The government is planning to introduce compulsory integration courses for Turkish nationals moving to the Netherlands when the new integration legislation comes into effect next year, social affairs minister Wouter Koolmees has told MPs.
Turkish nationals have been exempt from the courses since 2011 because the requirement conflicted with EU treaties with Turkey.
However, a ‘change in interpretation’ of the EU treaty with Turkey means that the requirement can be brought back, Koolmees said in a briefing. Most non-EU nationals have to go through the inburgering programme.
‘Integration [courses] are an important way for newcomers to find their way in society and learn the language via work, a traineeship or volunteer work,’ the ministerial statement said.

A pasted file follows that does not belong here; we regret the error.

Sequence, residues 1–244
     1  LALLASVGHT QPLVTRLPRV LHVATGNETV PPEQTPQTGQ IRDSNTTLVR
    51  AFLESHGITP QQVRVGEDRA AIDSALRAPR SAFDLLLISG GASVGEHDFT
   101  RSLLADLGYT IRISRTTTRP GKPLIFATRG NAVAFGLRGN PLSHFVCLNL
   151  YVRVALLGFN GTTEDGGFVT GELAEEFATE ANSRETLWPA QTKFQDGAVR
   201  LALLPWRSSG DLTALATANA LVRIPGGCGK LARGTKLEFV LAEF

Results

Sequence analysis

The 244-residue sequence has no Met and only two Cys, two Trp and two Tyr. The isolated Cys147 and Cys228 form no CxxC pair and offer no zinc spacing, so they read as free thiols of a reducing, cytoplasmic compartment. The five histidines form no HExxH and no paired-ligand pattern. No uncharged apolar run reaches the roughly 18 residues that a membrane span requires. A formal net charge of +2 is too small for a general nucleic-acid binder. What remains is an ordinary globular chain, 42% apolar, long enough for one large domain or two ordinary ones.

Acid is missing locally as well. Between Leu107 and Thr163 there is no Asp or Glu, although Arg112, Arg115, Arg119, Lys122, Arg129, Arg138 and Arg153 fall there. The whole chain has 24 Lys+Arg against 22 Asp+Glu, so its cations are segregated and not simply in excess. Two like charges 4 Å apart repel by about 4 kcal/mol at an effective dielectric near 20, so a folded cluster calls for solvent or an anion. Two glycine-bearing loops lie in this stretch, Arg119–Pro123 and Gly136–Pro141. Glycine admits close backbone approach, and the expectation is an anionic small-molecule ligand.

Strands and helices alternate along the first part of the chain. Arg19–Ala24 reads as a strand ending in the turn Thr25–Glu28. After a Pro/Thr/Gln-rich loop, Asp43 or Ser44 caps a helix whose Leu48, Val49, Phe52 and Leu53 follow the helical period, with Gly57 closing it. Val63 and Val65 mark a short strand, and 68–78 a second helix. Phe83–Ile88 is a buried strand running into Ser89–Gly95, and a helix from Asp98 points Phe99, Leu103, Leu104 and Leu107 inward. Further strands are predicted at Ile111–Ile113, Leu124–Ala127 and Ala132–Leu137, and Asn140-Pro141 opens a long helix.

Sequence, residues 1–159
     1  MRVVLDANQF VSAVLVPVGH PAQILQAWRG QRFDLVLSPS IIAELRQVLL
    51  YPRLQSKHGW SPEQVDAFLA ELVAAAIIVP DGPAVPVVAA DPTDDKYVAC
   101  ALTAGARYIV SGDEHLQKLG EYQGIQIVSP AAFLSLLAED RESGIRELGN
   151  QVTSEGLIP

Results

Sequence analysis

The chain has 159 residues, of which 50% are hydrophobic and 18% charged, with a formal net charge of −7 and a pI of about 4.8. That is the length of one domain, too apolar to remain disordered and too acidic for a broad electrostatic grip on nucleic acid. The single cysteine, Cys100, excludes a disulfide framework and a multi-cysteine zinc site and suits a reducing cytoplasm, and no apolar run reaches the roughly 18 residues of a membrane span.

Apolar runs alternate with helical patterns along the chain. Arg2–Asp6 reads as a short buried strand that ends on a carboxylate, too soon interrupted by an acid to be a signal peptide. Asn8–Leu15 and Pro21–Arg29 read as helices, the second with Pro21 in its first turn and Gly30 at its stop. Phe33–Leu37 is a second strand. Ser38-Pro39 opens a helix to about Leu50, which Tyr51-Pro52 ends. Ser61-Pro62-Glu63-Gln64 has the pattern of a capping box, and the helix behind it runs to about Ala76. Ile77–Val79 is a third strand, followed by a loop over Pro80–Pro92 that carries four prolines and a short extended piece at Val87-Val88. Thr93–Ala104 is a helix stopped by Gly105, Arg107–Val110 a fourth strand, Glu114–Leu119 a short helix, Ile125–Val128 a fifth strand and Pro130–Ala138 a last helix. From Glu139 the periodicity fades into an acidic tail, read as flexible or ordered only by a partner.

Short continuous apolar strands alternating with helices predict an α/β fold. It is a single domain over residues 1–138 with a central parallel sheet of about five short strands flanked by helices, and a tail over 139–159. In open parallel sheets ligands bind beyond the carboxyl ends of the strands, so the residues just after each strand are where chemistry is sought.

The social affairs ministry is currently working on new inburgering regulations, which it hopes to introduce on January 1 next year.
The new rules mean Turkish nationals will have to pass a basic exam before they move to the Netherlands. That exam will include an introduction to the language and Dutch society.
Once in the Netherlands, local authorities will be charged with devising a tailor-made programme for each individual.
The new rules will not apply to Turkish nationals already living in the Netherlands.
Last year, some 9,500 Turkish nationals moved to the Netherlands, and 5,000 left. Several hundred Turkish nationals also claimed asylum. If their claims are successful, they will not have to contribute financially to the cost of their integration courses.
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